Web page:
Marlowe also used magic in The Tragical history of Doctor Faustus to also explain his character’s actions. Faustus blames the loss of his soul on his deal with the devil for wealth.  Marlowe writes, “O thou bewitching fiend, ’twas thy temptation Hath robb’d me of eternal happiness!” (The Tragical history of Doctor Faustus).  He also develops his story by using characters that are good and bad angels as well as a devil’s collection of his soul.  His theme of morality is clear when he writes, “He that loves pleasure must for pleasure fall” (Marlowe). Religious groups would more than likely have applauded Marlowe because he promoted the idea that humanity would pay for living a life of sin. He also debated the rise of the arts against the tradition of religion by comparing the two between men who use it for knowledge and those who use it for sin.  In this idea, one might have expected criticism in that theology did not want Christians to read any book but the Bible because of the temptations found within them.             What is a surety is that the idea of witchcraft, angels, devil, and supernatural occurrences were themes the audiences found entertaining. It also shows how a single idea could be used to influence social belief systems because it involved the plights of the elite or the fallen that people found relatable. While on author chose to look at society as a whole, the other wanted his audience to self-reflect.  Both stories would have opened a dialogue about how temptation, sin, and supernatural forces influenced their behaviors and actions.  It may also have promoted self-reflection on the role women play in society as well as how the actions of people in society are responsible for their own actions.  What is undeniable is that these authors’ writing styles delivered stories that continued to speak to societies long past the times they lived which speaks to the human emotions they tapped into.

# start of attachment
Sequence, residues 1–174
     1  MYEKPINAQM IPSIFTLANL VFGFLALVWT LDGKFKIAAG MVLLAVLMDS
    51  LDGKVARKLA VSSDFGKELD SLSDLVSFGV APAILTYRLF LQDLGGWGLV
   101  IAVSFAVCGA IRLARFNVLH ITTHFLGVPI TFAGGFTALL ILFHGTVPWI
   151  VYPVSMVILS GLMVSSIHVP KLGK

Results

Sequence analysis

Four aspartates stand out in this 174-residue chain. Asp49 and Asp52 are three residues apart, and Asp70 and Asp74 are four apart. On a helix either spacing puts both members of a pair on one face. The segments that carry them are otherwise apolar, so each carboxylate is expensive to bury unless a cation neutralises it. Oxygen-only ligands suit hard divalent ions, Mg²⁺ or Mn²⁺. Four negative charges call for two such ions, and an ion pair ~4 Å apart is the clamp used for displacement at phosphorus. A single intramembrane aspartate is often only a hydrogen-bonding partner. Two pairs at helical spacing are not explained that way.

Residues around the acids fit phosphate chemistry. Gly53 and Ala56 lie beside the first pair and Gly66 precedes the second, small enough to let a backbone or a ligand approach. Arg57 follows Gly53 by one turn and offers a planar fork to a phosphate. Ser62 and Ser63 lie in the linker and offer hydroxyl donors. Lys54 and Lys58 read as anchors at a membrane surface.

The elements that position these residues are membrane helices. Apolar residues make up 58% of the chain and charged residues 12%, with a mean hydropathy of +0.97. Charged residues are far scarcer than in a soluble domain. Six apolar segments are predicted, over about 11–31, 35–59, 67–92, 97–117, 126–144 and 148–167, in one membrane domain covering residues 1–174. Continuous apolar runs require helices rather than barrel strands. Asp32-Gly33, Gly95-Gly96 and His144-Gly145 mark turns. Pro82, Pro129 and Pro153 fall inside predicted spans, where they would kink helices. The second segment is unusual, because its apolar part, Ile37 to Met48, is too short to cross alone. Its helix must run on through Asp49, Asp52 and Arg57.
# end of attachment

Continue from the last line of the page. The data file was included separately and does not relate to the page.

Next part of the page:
Works Cited

Chute, Marchette. Stories from Shakespeare. New York: World Publishing Company, 1956.

Hughes, Ted, Letters of Ted Hughes, ed. Christopher Reid, Faber 2007

Logan, Robert A. Shakespeare’s Marlowe: the influence of Christopher Marlowe on Shakespeare’s artistry. Routledge, 2016.

Marlowe, Christopher, The tragical history of Doctor Faustus. etext, ( Retrieved on 1604), Retrieved on November 10, 2016, from http://www.gutenberg.org/ebooks/811.

Morgan, Cynthia, Literary Similarities Between Marlowe and Shakespeare, The Christopher Marlowe Library, 2009, retrieved on Nov 13, 2016, from http://themarlowestudies.org/literarysimilarities.html

Shakespeare, William, The Tragedy of Macbeth, MIT.edu, (n.d.), Retrieved on Nov 13, 2016, from http://shakespeare.mit.edu/macbeth/full.html